Thursday, October 27, 2011

Visions Sans Sketches

[Part 3 of the "Daemons" series]

“THIS ONE IS the Infant Jesus,” Clara said as she held the sketch in front of her and Father Pio, her hand stretched high enough as though she levied her pride with it. Little streaks of moonlight poured through the fissures of the wooden windows, the tapers of white light skirting the shadows on the tiled floor like luminous sticks poking the amorphous darkness. The diffused incandescence from the lampshade caused the charcoal dusts to shimmer bleakly. Clara looked at Father Pio, her breaths caught between an air of calm and anxiety as her free hand tugged the linen sheets of her bed.

“That looks, well, nice enough,” he lied. The priest could only wager a nonchalant smile as he brushed her hair with his fingers, his confusion clawing away his steady mind, not knowing if he should take a longer look at the caricature or simply turn a blind eye at it. Her drawing betrayed his expectations about her innocence at the age of fifteen, for the picture was symbolic of a species of irreverence, the type that he has yet to completely rebuke by giving it a name. If the image resembled anything, it had almost nothing to do with the little Messiah. Amid the orgy of lines, the child she drew gripped its massive penis dangling between its legs, the scrotum having folds aplenty like the draperies of a drawn curtain.

“I learned that religion is a giant phallus clutched by the hand of God,” she said, eager to solicit a response from him.

“I can clearly see your point.” His smile was gone, in its place an emerging grimace. “But who told you that?”

“Some guy did. He also told me that religion nurtures feudalism and patriarchy, whichever comes first.”

Not another bastard of the great unwashed, he thought. “Who is he?” he insisted, his voice a pitch higher than his casual baritone.

“Felix. He’s the guy who owns the art gallery near school.” Clara set the sketch aside in a pile together with the small stack of caricatures on her bedside table. “Are you mad at him?” she said as she pulled the blanket to her chest, the tone of her voice plush with sympathy.

“No.” Father Pio kissed her on the forehead, his lips dried by age and countless litanies that usually fell on deaf ears and forlorn consciences, dredging what little piety is left in the gutter of their lives. “It’s time for you to rest, my child. Sleep, for you still need to rise early tomorrow for your exam.” He mumbled a short prayer — Clara prayed with him, her hands clasped like a dutiful nun — before he turned out the lights and shut the door. After several hours into the night, Clara still could not sleep. Father Pio, too, had the same predicament. But a few minutes before three in the early morning, they finally had their taste of slumber.

The day before he first set foot in my gallery, Father Pio and I met in a dream. It was not my dream alone, nor was it solely his. There were no two separate dreams, one the adjunct of the other. There was only one, and it was ours.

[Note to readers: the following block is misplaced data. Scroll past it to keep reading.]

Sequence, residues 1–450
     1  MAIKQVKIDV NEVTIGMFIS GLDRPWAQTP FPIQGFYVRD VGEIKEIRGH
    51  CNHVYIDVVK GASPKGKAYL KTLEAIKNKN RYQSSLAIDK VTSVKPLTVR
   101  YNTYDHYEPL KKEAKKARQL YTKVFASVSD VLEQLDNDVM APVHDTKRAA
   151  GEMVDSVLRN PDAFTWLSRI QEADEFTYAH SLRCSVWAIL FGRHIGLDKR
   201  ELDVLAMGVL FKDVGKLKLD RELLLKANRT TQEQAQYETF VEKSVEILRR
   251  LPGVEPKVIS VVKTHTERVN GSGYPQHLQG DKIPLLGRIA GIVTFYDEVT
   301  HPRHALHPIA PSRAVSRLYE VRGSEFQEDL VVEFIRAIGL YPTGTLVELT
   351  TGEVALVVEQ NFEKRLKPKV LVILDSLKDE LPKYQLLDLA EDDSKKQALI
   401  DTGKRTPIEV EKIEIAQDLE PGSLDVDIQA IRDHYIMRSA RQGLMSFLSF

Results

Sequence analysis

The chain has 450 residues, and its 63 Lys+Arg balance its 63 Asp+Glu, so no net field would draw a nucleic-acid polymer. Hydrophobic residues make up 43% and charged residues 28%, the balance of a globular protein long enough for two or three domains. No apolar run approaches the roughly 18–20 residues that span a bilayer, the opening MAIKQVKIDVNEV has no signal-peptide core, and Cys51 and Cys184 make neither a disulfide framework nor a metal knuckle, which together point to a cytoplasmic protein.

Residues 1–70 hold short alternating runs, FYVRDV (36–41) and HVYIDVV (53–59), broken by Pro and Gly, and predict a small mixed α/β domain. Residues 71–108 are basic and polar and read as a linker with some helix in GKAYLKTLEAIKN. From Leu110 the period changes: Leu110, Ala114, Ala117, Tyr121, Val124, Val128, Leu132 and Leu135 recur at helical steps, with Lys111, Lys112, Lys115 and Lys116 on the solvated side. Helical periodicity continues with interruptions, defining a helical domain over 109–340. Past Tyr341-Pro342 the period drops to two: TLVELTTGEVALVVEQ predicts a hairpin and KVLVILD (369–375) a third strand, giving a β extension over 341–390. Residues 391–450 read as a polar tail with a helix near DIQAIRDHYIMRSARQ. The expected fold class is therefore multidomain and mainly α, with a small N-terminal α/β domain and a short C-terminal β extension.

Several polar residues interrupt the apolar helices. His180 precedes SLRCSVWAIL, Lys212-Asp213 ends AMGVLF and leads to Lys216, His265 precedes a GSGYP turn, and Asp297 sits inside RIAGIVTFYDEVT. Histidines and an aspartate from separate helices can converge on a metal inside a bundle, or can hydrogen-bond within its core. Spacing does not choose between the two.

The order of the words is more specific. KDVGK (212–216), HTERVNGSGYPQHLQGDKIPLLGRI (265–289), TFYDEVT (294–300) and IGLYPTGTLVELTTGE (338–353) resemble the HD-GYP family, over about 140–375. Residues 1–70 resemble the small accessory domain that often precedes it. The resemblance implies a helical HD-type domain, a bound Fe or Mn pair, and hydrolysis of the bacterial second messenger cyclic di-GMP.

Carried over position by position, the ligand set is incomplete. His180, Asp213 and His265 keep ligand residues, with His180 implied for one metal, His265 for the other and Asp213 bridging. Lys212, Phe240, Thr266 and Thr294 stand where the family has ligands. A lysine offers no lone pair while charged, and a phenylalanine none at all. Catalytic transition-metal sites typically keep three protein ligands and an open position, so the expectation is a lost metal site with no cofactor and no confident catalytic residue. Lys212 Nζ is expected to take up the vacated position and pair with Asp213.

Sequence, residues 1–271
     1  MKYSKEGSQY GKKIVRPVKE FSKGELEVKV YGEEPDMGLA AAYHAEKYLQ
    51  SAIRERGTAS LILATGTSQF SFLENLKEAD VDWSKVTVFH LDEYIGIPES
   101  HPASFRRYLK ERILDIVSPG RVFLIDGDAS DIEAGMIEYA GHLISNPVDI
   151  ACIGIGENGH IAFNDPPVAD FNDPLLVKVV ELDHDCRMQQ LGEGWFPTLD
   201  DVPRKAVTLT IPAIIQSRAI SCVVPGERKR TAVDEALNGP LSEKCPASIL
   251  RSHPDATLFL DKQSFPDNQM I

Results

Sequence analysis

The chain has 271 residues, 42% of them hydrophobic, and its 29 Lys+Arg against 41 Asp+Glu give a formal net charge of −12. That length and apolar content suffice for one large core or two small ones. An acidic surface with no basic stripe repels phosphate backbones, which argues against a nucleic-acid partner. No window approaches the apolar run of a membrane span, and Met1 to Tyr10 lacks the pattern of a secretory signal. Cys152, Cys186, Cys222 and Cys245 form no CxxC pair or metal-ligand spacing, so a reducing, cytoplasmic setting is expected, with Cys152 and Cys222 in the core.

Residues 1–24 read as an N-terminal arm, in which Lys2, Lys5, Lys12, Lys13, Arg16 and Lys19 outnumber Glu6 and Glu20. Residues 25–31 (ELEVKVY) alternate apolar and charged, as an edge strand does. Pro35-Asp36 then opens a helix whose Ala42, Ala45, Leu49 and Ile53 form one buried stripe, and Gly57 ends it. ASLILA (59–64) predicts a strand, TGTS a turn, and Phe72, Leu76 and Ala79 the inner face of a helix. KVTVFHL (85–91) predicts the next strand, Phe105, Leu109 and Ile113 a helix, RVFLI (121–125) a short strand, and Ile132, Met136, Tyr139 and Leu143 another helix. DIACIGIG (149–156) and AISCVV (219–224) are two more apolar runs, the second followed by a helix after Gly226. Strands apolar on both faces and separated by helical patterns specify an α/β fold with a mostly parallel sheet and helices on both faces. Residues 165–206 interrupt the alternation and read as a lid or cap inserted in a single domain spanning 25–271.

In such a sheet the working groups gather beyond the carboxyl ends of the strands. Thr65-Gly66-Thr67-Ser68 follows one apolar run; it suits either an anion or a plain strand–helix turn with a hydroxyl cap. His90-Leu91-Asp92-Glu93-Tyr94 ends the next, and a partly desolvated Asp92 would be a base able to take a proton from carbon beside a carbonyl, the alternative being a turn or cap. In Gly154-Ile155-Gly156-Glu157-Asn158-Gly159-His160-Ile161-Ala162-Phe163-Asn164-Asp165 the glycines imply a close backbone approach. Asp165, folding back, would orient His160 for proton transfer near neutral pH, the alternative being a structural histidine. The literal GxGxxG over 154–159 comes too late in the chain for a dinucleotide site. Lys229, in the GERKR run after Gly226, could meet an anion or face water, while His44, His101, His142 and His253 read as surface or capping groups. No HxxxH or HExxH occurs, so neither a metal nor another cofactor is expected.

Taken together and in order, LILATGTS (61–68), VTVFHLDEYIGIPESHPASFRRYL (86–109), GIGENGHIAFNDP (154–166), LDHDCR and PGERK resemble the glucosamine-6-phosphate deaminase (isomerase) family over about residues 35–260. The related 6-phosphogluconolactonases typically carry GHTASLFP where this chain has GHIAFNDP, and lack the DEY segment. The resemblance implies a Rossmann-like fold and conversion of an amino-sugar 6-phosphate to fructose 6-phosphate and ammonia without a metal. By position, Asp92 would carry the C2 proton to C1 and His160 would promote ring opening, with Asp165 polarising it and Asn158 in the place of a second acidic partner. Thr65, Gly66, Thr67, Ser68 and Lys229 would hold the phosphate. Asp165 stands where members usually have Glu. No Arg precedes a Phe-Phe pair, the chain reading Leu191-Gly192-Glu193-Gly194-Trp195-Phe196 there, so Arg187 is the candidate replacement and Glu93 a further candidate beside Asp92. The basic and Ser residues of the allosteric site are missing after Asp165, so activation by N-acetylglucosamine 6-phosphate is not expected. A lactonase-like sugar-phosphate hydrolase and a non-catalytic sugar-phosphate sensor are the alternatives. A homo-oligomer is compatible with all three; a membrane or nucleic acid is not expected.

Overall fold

“Felix!” he called out several times. His tone was either boisterous or just plain angry. My spirit came to possess the self portrait I drew several years back. I spoke through it as if it was my phantom, a fitting mouthpiece for someone who could easily pass as a spare Christ had it not been for my very Filipino nose.

“You must be Father Pio,” I said, my voice drawing him closer to where I was. “Clara told me plenty of stories about you.” He further stepped closer, his pace gentle but resolute, white smoke trailing his steps, until he was only two feet in front. The Dominican shot a look of doubt, realizing a little too late that I am my own art. The frame is my bone and the paper is my skin. I smelled the scent of incense.

“You have to stop poisoning Clara’s innocence,” he said. “Your propaganda is not helping either her or your cause. I suggest that you just keep it to your self.”

“A priest is the hand of God that clutches religion as if it’s a giant phallus on full erection,” I said without any pretense of guilt. Admonition was much to be desired. “Did you like the idiom? I guess not,” I asked without waiting for his answer. I did not know if I made sense. I was held captive by the scent of incense pushing through my charcoal nostrils.

“Your heresy won’t save you!”

“Molested children silenced by the church orthodoxy, vows of celibacy gone awry, reproductive health notions as Jurassic as Adam and Eve — I’m afraid your messianic offers have no real use. The healer has trouble healing its self.”

Father Pio grabbed the frame, his frail hands defying the limits of its own strength, and lifted the portrait as though it had the weight of paper. He swung his arm and hurled the portrait. For a while, I was airborne. I felt weightless until I broke into several pieces. The crash on the floor had no sound.

“You don’t throw away the entire basket of apples just because of a few rotten ones,” he said before he vanished in the thick incense smoke.

I thought the dream was to happen again when Father Pio made his first actual visit to the gallery one Thursday afternoon. But instead of running amok, he simply walked inside, viewed the paintings and sketches on display, and left without saying a word.

Part 1 | 2 | 3 | 4 | 5

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